CNBC's Phil LeBeau discusses big numbers for General Motors in the second quarter. » Read More
Well, that didn't take long. Just 5 days after the UAW and General Motors struck a deal there are already people complaining that they don't like the agreement and questions about whether or not it will be the pattern and language of the contracts Ford and Chrysler strike with the union. I'm not surprised, to hear the complaints.
Markets around the world rocked on after yesterday's record setting session on Wall Street and U.S. stocks are set to move moderately higher on the open. Merger activity tops the news with an offer from Canada's TD Bank Financial Group's to buy Commerce Bank for $8.5 Billion.
United Auto Workers members at a local headquartered near Detroit voted overwhelmingly on Monday to approve the union's tentative contract with General Motors in one of the first tests for the new labor pact.
On a regular basis, I get some variation of this question: Which one of the Big 3 has the best shot at picking up market share and giving Toyota and Honda a run for their money. In other words, which one of Detroit's automakers has the pipeline of cars, trucks and SUV's to become the "hot" brand?
The tentative contract between General Motors and the United Auto Workers would allow GM to close a plant each in Michigan and Indiana and possibly shut down several other facilities, according to a detailed copy of the agreement.
The Teamsters union and United Parcel Service on Sunday said they reached a tentative five-year agreement that will raise parcel workers' wages and increase the company's contributions to funds providing pensions and benefits.
September auto sales are expected to be weak due to a credit crunch, high gas prices and the troubled housing market, reflecting an overall slowdown for the year but little effect from the brief strike against General Motors, industry analysts say.
The United Auto Workers won guarantees in its tentative contract agreement with General Motors that many new products would be built at U.S. plants to save jobs, union President Ron Gettelfinger said Friday.
General Motors would be able to buy out as many as 24,000 UAW workers and replace them with lower-paid hires under a tentative contract agreement, the Wall Street Journal reported on its Web site on Friday.
Third-quarter corporate earnings are expected to show the weakest growth in five years, but a rebound is likely in the fourth quarter.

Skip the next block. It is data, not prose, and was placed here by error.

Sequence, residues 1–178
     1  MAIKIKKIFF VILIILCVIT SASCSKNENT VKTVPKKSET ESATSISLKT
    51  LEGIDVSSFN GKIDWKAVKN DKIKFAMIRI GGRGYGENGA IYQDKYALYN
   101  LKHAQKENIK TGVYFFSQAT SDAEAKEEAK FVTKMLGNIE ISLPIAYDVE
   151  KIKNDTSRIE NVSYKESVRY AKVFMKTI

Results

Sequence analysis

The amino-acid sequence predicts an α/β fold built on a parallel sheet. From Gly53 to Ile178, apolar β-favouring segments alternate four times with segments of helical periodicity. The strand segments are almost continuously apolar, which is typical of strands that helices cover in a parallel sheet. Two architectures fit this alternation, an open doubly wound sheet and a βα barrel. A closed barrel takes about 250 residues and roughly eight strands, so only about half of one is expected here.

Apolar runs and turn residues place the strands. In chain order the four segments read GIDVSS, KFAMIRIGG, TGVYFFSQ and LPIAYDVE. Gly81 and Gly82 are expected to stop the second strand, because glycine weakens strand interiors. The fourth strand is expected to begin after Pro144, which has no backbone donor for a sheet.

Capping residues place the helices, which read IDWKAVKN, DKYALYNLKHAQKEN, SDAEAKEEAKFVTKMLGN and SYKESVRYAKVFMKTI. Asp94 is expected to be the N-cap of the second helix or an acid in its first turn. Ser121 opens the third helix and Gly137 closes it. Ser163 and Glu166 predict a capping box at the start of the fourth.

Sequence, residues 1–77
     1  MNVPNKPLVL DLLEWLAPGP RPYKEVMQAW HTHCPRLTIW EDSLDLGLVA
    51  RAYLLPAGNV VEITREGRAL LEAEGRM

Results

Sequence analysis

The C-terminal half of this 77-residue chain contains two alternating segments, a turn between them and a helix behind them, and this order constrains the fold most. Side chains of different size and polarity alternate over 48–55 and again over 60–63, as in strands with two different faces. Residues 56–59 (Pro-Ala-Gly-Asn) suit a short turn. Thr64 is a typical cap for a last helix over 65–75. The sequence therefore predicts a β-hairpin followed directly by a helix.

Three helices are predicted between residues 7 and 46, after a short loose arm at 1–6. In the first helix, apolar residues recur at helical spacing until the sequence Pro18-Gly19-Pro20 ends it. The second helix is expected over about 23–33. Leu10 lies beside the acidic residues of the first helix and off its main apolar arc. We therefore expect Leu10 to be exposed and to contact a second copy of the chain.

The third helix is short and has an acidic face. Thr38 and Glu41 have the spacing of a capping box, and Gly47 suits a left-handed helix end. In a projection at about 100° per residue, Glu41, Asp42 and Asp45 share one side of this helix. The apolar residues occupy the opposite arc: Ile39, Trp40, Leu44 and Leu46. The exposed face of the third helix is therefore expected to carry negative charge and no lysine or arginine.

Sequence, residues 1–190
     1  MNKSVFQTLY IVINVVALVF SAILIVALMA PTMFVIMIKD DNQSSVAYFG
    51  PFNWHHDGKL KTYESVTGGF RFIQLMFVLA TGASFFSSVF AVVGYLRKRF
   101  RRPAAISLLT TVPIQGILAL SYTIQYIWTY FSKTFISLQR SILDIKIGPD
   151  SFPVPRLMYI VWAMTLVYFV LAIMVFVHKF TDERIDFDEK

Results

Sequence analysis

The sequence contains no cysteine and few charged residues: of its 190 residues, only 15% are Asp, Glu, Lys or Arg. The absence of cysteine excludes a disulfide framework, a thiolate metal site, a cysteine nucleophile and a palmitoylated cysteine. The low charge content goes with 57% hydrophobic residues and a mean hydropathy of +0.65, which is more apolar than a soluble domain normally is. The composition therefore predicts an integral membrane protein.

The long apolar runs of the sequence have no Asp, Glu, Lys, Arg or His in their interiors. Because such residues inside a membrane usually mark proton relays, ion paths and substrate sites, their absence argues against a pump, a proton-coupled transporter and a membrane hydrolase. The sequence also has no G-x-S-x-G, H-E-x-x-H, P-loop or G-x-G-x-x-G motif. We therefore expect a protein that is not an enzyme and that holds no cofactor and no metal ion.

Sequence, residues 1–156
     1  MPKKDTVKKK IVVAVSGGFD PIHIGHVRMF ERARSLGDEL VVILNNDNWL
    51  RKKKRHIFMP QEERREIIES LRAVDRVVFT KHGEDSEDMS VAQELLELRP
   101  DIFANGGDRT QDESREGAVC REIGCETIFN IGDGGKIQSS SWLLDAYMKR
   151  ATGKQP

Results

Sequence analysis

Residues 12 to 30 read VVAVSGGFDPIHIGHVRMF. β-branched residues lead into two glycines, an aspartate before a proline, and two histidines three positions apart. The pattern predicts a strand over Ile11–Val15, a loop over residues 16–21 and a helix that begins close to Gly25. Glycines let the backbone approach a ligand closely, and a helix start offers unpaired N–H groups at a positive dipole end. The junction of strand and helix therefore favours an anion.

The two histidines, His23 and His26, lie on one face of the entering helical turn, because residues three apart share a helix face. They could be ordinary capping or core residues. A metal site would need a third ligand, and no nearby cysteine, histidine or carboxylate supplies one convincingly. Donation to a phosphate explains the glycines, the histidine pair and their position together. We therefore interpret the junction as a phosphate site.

After sucking fumes behind Toyota and its popular Prius, GM is stepping up to the plate with the next generation of hybrids. They are called 2-mode hybrids because they get electric motor assist in the city AND on the highway. GM unveil the first of these 2-mode hybrids today at the Texas State Fair in Dallas...
The Street is edging toward the end of one of the most volatile quarters in recent memory ... and for all those a bit tired of the excitement, it looks like it might actually have a laid-back and happy ending.
Two key events should put the index back on track to 14,548.Investing can be confusing. Luckily, Cramer has mapped out some road rules for all you Home Gamers trying to navigate the jungle that is Wall Street. Think of it as "Mad Money 101" –- some fundamental advice to keep in mind as you play the market. Whether you're a first time investor or a seasoned financier, it's always good to remember the basics.
Stocks moved to session highs on Wednesday on speculation billionaire investor Warren Buffett was considering taking a 20% stake in Bear Stearns. The New York Times reported on its Web site that Bear Stearns was in serious talks with several outside investors, including Buffett.
The stock popped after a settlement with the United Auto Workers was announced. Cramer expects shares to climb even more by the end of October.Investing can be confusing. Luckily, Cramer has mapped out some road rules for all you Home Gamers trying to navigate the jungle that is Wall Street. Think of it as "Mad Money 101" –- some fundamental advice to keep in mind as you play the market. Whether you're a first time investor or a seasoned financier, it's always good to remember the basics.
Treasury prices turned higher Wednesday, bolstered by surprisingly strong investor demand in a government sale of $18 billion in new 2-year Treasurys.
Just a few hours after I reported the new contract between GM and the UAW, I started hearing this question: "Can GM really boost its bottom line now that its costs have been lowered?" My gut says it can do it, IF the company builds on the improvement of its products in the last couple of years.
General Motors' quick settlement with its major union allows the softening U.S. economy to sidestep another blow and sets the stage for similar deals that could boost domestic automakers, analysts and investors said Wednesday.
We're back in the "bad news is good news" phase. At least that's how you may want to read the stock market's reaction to today's clunker of a durable goods number, its worst monthly reading since January. Durable orders fell by 4.9% in August, below the 3.5% decline expected and way off from July's 6.1% increase.
European stocks closed higher Wednesday as investors shrugged off a sharp drop in U.S. durable goods figures for August, and concerns over tightness in the credit market eased on news the Bank of England received no bids for its liquidity injection.